The Narcissist Leader (Part 1)

This is the first of a two part posting on the Narcissist Leader.  Part I will provide the foundation for understanding, distinguishing, and recognizing the differences between the strengths of a narcissist leader and the overuse of these strengths.  Part II will highlight lessons learned from personal coaching experiences with this type of leader.

Part I – Definition, Symptoms, and Consequences

“(The leader’s) intellectual acts are strong and independent even in isolation and his will need no reinforcement from others … (He) loves no one but himself, or other people only insofar as they serve his needs.”    

— Freud, Sigmund, “Group Psychology and the Analysis of the Ego”

It was late, and we were still working.  Across the table was our client Jay, the CEO of a venture capital backed organization.  Recognizing an opportunity created by federal legislation/regulation, Jay acted swiftly and propelled the organization from a small start-up to a mid-sized organization experiencing exponential growth.  Jay was an immensely charismatic leader with a vibrant personality who, starting from a very humble background, experienced early success for his efforts.  His drive gained him admission to the most prestigious undergraduate and graduate institutions in the country.

He was relentlessly driven by competition, success, his mission to change the world, and an insatiable thirst for recognition and public admiration. During our meeting, one of the members of our team noticed that Jay seemed to be looking past him into a distant horizon.  Eventually, our colleague followed Jay’s gaze to a window with a reflection of Jay’s image.  Jay had been gazing at and perhaps admiring his image even as he spoke with us.  This did not strike us as unusual as we had been experiencing Jay’s need for power and recognition in every aspect of the organizational decision making.  He made it known that he needed to understand and approve decisions in all areas and at nearly every level in the organization. In a number of meetings, he could not contain himself.  He often jumped to the front of the room, seeming to project an impatience with the meeting lead of the moment.  Of course, he was articulate and smart and could often come up with a quick solution to any problem being addressed.  In the front of the room, he made it clear that he had the answers.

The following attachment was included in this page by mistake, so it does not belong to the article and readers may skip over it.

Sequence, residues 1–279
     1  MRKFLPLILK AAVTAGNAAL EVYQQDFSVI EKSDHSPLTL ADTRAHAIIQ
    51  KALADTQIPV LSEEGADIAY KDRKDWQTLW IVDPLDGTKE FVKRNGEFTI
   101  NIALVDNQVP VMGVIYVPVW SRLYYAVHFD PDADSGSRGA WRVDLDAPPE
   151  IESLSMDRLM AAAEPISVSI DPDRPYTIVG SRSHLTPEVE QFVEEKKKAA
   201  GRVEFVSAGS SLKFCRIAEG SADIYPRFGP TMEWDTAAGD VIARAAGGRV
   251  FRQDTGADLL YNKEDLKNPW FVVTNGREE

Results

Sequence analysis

On several occasions, based on our concerns as well as those expressed by colleagues, we tried, unsuccessfully to provide constructive feedback and  to coach him.  While moving at the speed of light, emboldended by his own brilliance, he simply could not hear our message nor see the danger signs surrounding him and the organization.  Eventually, his self-absorbed impatience with the speed and capability of others, coupled with his own talent and inability to see his blind spots, led him to decisions that drove the organization into bankruptcy.

His will to win and crush the competition drove him to drive the organization much too hard and fast. The organization did not have the infrastructure and talent to respond to his mandate to grow at unrealistic levels. Cash flow ran dry and customer service suffered significant damage.  In an effort to not lose market share and to patch negative publicity, the field force turned to questionable practices resulting in ethical and legal issues. State regulatory organizations brought legal actions against the organization.  Concerned banks and vendors began to demand payment on time and would not compromise. Jay was eventually unable to secure additional venture funding and the organization imploded.

Narcissism is defined as—“dominant interest in one’s self; the state in which the ego is invested in oneself rather than in another person.  Self Love.

It is usually characterized by an excessive display of love and admiration of oneself. This pre-occupation with the self often diminishes empathy for others. At a psychological level, it is usually driven by unconscious deficits in self-esteem and a need for external validation such as attention and admiration from others or obsession with attention-attracting possessions.

Freud named this type of personality after a mythical figure, Narcissus, who died because of his psychological obsession with himself.

Of course narcissism can also be positive.  Narcissists have motivated and inspired others to reach great accomplishments. Donald Trump and Larry Ellison of Oracle might be some of several leaders who come to mind  These leaders see the world as it can be and not as is.  They don’t shy away from risk or the necessary effort to transform the ordinary into the extraordinary.  A narcissist has a strong back bone and the audacity to not take no for an answer and to push through resistance.  He has extraordinary oratory skills, charm, and charisma that allow him to influence and motivate the masses in support of his grand vision.  His followers want to like and follow him and to receive his approval.